By DARA BUTTERFIELD
The Green Investment Bank (GIB) and De Lage Landen (DLL) are to invest £25 million each in an energy efficient NHS in England.
This new investment comes after NHS Scotland confirmed it is ahead of its target in energy consumption having reduced energy use by 5.8% since the year 2009/10.
While ahead on its targets, NHS Scotland has admitted that much of the ‘easy-fixes’ in energy efficiency have already come into effect.
A spokesman said: “There is widespread consensus amongst NHS Scotland Energy Managers that most ‘quick wins’ in terms of energy and carbon reduction have now been identified and implemented and that the focus must now shift to additional ‘spend-to-save’ measures requiring extensive investment in healthcare estates.”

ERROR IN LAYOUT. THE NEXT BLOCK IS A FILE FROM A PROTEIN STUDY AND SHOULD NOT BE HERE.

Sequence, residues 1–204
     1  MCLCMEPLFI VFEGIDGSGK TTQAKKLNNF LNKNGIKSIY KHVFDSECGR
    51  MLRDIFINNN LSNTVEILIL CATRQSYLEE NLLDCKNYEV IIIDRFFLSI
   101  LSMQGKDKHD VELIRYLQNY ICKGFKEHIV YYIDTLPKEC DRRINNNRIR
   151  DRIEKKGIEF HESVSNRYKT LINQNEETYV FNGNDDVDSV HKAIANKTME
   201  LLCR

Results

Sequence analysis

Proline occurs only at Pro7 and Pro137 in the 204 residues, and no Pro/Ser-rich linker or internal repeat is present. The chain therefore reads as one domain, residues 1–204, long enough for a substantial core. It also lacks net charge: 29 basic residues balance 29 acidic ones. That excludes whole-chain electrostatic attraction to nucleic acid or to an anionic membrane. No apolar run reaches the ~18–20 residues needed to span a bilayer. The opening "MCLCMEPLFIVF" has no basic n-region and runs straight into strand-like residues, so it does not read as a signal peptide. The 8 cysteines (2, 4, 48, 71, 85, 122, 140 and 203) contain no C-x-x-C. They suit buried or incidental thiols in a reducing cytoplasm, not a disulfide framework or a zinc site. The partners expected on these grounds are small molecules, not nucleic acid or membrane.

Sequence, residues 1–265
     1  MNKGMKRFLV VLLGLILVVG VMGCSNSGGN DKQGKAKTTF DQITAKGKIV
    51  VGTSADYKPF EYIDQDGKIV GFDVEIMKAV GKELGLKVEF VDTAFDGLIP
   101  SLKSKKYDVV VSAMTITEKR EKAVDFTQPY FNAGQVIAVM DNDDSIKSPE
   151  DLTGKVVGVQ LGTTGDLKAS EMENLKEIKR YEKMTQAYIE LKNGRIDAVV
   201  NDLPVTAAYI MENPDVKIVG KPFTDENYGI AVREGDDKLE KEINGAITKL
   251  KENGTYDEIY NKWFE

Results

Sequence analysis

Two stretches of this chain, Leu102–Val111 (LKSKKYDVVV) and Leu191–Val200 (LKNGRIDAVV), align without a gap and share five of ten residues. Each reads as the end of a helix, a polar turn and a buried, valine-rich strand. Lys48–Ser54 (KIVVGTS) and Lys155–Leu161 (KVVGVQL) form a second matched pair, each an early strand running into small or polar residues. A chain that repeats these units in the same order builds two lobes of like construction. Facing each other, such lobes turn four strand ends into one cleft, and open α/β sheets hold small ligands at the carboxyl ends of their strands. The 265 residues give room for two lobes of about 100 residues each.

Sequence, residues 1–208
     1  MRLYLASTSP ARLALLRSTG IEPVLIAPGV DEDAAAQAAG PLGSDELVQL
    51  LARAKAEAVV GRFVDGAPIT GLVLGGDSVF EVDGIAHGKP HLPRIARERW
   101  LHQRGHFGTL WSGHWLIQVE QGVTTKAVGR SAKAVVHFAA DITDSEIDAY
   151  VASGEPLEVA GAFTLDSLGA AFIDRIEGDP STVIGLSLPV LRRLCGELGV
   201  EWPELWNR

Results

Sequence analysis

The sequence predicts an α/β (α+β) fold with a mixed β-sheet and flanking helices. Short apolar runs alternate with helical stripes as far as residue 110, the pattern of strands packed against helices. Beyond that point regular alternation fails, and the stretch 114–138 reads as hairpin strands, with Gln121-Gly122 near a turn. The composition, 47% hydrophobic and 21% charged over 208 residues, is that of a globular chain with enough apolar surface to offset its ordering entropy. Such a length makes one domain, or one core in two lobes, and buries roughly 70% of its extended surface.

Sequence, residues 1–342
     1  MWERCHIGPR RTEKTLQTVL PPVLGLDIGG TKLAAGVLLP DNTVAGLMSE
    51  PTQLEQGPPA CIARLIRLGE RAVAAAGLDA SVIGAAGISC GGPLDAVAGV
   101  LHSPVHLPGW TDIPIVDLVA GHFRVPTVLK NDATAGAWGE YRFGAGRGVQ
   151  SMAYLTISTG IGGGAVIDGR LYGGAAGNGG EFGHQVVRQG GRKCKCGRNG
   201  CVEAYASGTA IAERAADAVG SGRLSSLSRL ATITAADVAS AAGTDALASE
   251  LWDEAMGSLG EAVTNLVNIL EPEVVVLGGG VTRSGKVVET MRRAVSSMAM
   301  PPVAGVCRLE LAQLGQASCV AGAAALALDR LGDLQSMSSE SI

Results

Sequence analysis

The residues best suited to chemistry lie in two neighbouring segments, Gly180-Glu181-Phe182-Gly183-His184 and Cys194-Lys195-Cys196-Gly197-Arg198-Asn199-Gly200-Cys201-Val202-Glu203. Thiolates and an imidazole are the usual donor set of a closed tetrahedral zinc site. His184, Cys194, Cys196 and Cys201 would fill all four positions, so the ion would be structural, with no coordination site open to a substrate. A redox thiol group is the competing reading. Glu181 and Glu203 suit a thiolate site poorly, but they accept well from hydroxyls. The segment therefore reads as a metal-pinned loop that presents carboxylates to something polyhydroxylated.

The NHS is one of the UK’s most energy intensive organisations, spending more than £750m on energy costs each year – which is why the Green Investment Bank and DLL are working with NHS Trusts to improve energy efficiency and save money in England.
The first project funded by this alliance is at Queen’s Medical Centre, part of Nottingham University Hospitals NHS Trust, where £7.5m is being invested to finance the installation of a suite of energy production and reduction measures. The project has been developed under the Carbon and Energy Fund (CEF) framework and it will be delivered by the energy services company, Interserve.
As with previous NHS energy efficiency projects, the Trusts and Health Boards that will benefit from the new funding won’t need to find the capital upfront. The money saved by reducing their energy bills more than covers the cost of the repayments.
Shaun Kingsbury, Chief Executive of the Edinburgh-based Green Investment Bank, said: “As one of the country’s most energy intensive organisations, the NHS could save up to £150m each year – about 20% of its current £750 million energy bill – by putting in place energy efficiency measures.”